- What do you think God wanted us to learn from this story/scripture? I think sometimes kids come into the youth ministry with the idea the Bible is just a book of good stories. Getting them to think about why God may have put certain stories in the Bible when He clearly left others out (John 21:25), helps them begin to understand the Bible is a book of wisdom and instruction. In the discussions that result from this type of question, make sure you encourage your children to think about what this new knowledge means for their lives today.
- How would God want you to handle a similar situation? Your children may never get swallowed by a big fish or be thrown in jail for preaching about Jesus. They may however be tempted not to tell people about Jesus because they don’t like them or because someone might tease them. These questions help kids tie what they read in the Bible back to things that may happen to them today. Their lack of life experience may not allow them to immediately connect something that happened to Jonah as something that could happen to them. Depending on the age and maturity of your children, they may need a little more adult guidance in discovering meaningful answers to these types of questions.
- How do you normally act in this type of situation? What are you thinking about when you make that choice and how does it compare with what we just read? Many times actions reflect the heart of the person. Sometimes you won’t know a child’s heart unless he chooses to reveal it to you. I have had many discussions like this over the years that were extremely revealing. I would guess the parents have no idea their kids feel/think/act the ways kids often reveal when answering this type of question. If you want honesty from your children, you have to make it safe for them to share and be open. Consequences for long ago transgressions are not nearly as important as helping your child find a way to bring her heart closer to God. Resist the impulse to lecture and try to work as your child’s coach to help him develop more godly ways of thinking/feeling/acting on a regular basis.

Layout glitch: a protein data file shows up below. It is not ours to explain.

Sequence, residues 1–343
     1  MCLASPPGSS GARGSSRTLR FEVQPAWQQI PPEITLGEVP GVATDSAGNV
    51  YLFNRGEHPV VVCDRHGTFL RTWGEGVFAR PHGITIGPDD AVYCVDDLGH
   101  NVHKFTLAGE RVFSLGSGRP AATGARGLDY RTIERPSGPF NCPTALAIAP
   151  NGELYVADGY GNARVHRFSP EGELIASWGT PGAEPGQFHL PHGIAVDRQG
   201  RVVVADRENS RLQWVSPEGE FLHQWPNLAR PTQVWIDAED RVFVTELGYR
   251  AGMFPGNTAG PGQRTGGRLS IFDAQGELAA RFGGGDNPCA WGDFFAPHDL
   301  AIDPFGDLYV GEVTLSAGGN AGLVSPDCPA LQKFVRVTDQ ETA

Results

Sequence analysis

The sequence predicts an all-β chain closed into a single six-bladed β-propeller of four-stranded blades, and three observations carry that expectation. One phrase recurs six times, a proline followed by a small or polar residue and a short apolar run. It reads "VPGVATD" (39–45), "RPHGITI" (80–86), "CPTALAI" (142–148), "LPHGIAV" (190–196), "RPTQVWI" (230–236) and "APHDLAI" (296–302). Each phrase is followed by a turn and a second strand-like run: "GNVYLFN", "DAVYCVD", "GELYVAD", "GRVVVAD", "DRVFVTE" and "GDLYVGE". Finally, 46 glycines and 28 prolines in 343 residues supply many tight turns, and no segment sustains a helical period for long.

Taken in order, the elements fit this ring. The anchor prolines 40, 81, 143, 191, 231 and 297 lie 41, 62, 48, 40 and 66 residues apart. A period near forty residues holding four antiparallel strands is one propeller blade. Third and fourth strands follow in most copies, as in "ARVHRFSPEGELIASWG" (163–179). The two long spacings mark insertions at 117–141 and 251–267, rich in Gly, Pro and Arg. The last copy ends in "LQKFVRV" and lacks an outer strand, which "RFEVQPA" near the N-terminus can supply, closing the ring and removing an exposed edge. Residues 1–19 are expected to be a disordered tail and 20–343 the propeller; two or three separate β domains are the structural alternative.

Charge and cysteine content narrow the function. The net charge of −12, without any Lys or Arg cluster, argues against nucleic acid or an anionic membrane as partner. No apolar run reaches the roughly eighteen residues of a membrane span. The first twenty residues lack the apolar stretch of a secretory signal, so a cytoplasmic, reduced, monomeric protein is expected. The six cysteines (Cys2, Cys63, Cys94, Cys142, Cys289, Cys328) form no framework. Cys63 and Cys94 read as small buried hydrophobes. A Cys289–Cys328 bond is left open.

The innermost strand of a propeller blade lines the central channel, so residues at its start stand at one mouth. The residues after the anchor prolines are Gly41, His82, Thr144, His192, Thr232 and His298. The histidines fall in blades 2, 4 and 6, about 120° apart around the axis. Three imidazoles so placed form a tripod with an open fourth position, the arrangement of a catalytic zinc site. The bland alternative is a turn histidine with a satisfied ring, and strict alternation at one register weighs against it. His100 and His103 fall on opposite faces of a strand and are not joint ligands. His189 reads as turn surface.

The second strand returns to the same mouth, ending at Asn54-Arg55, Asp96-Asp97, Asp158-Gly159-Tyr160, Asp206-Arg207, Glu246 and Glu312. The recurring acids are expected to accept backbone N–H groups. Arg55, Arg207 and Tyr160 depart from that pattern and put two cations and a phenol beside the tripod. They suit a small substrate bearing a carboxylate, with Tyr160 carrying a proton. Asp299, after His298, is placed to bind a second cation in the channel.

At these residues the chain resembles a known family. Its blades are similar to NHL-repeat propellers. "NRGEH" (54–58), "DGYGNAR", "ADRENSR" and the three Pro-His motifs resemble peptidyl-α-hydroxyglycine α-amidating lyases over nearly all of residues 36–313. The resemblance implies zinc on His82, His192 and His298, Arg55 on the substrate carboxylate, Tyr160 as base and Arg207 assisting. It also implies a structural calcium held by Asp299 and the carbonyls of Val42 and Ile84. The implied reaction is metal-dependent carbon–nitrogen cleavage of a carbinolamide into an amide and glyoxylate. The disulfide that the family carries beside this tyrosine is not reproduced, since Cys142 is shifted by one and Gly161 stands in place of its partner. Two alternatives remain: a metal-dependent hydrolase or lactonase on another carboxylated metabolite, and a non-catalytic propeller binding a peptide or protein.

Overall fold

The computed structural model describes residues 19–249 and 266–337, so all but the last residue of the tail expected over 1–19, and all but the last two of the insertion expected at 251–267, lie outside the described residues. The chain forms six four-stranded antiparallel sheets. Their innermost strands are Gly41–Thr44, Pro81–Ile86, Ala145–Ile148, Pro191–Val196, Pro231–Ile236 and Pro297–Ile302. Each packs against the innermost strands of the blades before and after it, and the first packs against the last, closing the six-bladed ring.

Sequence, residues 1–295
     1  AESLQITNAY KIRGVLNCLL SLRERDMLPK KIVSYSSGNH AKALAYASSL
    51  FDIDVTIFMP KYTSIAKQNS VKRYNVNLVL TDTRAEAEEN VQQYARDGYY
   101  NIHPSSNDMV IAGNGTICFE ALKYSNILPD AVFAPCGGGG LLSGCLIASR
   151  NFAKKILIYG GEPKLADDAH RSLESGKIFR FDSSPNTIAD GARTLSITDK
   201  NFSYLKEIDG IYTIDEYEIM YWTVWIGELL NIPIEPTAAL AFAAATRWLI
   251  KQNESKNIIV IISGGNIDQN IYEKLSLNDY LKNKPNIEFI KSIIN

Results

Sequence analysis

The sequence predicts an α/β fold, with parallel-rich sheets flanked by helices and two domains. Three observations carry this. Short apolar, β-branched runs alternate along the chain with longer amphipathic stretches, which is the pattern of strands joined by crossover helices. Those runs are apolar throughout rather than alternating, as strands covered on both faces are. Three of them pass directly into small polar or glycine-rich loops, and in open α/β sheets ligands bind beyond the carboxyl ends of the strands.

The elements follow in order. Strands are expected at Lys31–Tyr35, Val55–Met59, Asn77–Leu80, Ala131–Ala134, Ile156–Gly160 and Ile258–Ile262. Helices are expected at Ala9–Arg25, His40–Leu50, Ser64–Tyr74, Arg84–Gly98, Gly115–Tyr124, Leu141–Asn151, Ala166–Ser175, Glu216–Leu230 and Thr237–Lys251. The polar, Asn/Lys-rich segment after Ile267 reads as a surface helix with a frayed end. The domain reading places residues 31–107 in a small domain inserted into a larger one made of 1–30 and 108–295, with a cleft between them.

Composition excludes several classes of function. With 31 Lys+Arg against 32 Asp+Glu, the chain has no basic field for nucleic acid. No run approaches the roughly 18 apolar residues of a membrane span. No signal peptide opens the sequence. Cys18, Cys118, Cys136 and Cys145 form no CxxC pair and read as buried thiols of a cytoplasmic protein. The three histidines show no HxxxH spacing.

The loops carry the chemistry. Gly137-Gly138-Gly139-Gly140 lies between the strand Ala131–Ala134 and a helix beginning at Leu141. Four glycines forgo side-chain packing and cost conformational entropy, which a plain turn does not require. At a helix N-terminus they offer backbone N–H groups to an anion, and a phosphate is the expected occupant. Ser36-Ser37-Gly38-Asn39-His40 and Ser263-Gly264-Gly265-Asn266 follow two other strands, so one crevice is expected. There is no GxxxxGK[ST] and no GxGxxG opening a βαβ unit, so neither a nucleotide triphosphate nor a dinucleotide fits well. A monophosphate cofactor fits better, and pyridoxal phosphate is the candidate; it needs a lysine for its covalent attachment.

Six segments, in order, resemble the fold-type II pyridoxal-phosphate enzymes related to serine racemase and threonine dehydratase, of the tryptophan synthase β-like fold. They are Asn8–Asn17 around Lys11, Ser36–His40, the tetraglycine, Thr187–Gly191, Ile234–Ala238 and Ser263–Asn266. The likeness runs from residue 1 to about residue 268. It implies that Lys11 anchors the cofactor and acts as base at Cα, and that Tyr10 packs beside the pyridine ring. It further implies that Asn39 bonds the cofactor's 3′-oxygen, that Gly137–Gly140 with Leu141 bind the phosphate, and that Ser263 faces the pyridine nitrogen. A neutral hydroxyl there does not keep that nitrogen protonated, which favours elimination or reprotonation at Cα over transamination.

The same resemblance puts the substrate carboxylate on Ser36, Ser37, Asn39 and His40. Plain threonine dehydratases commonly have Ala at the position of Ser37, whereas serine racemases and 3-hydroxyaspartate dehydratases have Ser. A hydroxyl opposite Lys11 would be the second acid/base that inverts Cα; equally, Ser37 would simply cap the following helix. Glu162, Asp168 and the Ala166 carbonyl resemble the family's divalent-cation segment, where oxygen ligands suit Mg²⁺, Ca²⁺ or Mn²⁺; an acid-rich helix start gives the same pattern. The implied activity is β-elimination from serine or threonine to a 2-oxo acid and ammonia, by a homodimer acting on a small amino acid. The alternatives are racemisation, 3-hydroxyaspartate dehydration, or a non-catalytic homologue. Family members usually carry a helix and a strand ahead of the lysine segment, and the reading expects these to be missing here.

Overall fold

- Where can you find the answer for handling this situation in a godly fashion? This is really the ultimate goal in more advanced questioning. You want teens to be able to identify situations where godly and ungodly choices can be made. Once they realize they are faced with a decision, they need to ask themselves this question. Help them practice by giving them scenarios and having them give the godly choice. Opinion is okay, but the final answer should be based on scriptures – examples from stories or particular passages. It is important to help them understand life is full of little choices that will either move them closer to God or take them farther away. These types of questions will hopefully create an awareness and give them the tools to make more godly choices. It will also reinforce the absolute necessity of regular Bible study.
Next time you discuss the Bible or one of its stories with a child or teen, feel free to ask questions that will help them rehearse facts or which allow them to share their opinion. Then throw in some of these higher level questions. You may be surprised at the spiritual growth you begin to see in them.